Ultimately, we believe that credits are an expression of filmmaker and industry values. Our hope is that our crediting standards will serve film investors, donors and filmmakers alike in credit discussions and negotiations and that they will be adopted widely. Importantly, the recommendations outlined in our guidelines are crafted as best practices rather than laws, recognizing that some situations may warrant filmmakers and their partners to deviate from them. In such circumstances, we encourage filmmakers and their partners to use these standards as a starting place, with the specificities of a project dictating where, when and how exceptions are applied.

And lastly, our broader intention is that our guide, in keeping with all of the DPA’s efforts, facilitates greater transparency, benefitting the documentary industry as a whole; and that as the field continues to evolve, the documentary industry keeps a vigilant eye on crediting standards, adjusting as needed.

Challenges

The publication of our “Best Practices in Documentary Crediting” guidelines marks a stop in the road, not an end-point.  They were developed and drafted over the course of 12+ months, hundreds of hours of volunteer time, and scores of difficult conversations with industry leadership, resulting in early endorsements from A-Doc, Brown Girls Doc Mafia, the Center for Media & Social Impact, Chicken & Egg Pictures, Firelight Media, Fork Films, Impact Partners, Points North and others. And yet, many conversations have yet to occur—with major broadcasters such as A&E Films, CNN Films, HBO and PBS; streaming platforms such as Amazon, Hulu and Netflix; and awards organizations such as the Academy of Motion Picture Arts & Sciences (the Oscars), the Television Academy (the Emmys), and others. We know that it will take the full participation of all aspects of industry—festivals, funders, distributors, publicists, awarding entities and filmmakers themselves—for the guidelines to firmly land. There is work on all of our parts to do.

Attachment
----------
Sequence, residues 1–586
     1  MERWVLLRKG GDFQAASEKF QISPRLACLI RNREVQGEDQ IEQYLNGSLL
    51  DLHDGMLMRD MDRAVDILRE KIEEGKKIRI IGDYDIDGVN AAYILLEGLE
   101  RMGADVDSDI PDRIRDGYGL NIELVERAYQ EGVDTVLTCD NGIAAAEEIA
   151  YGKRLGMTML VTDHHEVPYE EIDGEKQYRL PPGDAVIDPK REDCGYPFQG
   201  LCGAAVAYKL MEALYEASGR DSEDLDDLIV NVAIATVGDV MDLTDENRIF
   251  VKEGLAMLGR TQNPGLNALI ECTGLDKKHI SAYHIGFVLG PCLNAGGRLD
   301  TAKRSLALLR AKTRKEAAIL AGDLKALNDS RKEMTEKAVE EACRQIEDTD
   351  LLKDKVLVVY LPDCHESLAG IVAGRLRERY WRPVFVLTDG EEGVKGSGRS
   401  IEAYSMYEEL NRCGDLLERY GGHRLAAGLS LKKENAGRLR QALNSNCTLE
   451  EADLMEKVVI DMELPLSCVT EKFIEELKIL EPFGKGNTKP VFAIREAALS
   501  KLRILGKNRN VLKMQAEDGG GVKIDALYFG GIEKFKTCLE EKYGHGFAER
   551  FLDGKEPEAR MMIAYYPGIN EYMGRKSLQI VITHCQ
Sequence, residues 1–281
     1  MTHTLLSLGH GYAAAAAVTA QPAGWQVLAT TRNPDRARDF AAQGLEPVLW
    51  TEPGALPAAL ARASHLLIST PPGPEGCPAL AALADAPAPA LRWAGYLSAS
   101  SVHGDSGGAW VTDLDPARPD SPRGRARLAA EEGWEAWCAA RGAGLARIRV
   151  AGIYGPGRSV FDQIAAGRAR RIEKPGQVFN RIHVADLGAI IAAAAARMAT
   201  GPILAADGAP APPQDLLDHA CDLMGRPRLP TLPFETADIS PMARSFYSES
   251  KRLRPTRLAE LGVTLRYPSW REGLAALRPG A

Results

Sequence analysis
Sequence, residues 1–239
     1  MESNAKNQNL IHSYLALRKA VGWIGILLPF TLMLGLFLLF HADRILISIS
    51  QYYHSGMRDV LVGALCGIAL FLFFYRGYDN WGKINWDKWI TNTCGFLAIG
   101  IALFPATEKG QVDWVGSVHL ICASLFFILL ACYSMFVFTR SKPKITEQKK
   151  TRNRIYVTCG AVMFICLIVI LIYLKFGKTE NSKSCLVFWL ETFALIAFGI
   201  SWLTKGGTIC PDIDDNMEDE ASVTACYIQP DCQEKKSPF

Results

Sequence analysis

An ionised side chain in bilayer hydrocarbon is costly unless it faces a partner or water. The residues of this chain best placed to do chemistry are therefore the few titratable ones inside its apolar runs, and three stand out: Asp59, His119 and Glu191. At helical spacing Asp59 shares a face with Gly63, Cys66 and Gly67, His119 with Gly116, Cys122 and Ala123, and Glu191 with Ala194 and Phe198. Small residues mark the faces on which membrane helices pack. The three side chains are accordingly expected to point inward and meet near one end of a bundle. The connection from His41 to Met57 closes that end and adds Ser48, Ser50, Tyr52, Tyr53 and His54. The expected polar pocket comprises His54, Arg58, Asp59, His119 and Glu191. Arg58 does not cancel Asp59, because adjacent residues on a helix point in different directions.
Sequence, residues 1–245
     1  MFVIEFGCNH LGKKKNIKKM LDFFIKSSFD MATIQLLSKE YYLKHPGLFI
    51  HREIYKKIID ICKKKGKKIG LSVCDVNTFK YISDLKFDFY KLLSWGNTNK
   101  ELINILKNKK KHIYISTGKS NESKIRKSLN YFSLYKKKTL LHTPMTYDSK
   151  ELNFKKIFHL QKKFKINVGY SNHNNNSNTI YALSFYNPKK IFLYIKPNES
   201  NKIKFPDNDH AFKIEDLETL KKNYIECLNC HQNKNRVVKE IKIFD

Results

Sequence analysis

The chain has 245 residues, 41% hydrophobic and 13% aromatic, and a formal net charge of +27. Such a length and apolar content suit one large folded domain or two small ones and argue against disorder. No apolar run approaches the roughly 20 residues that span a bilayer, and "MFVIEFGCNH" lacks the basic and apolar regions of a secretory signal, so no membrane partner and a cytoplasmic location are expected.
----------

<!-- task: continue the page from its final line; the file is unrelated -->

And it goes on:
And some of that work—that’s the tough stuff.  The industry-wide adoption of these guidelines does require the distinction between filmmakers and funders, and the understanding that each makes its own contribution to the life of a film. It also requires the recognition that credits are industry currency, with real-world value. There’s more to these “Best Practices in Documentary Crediting” guidelines than at first may meet the eye, and their acceptance may require some to depart from their established status quo. It may not be a straight path, but very possibly, it may be a win-win for all.

Click here to access the guildelines

The Documentary Producers Alliance (DPA), founded in 2016 and currently comprising more than 125 documentary producers nationwide, advocates on behalf of producers for the health and welfare of the documentary industry. Current DPA committees are addressing structural inequality and inclusion; labor and economic sustainability; development funding; equitable contracts; crediting; and the running of DPA operations. For future updates, please follow DPA's website, Facebook, Instagram, and Twitter.


 
Beth Levison is an independent documentary film producer, the founder of Hazel Pictures, a teacher at SVA’s MFA program in Social Documentary Film, and the chair of the DPA’s Crediting Committee.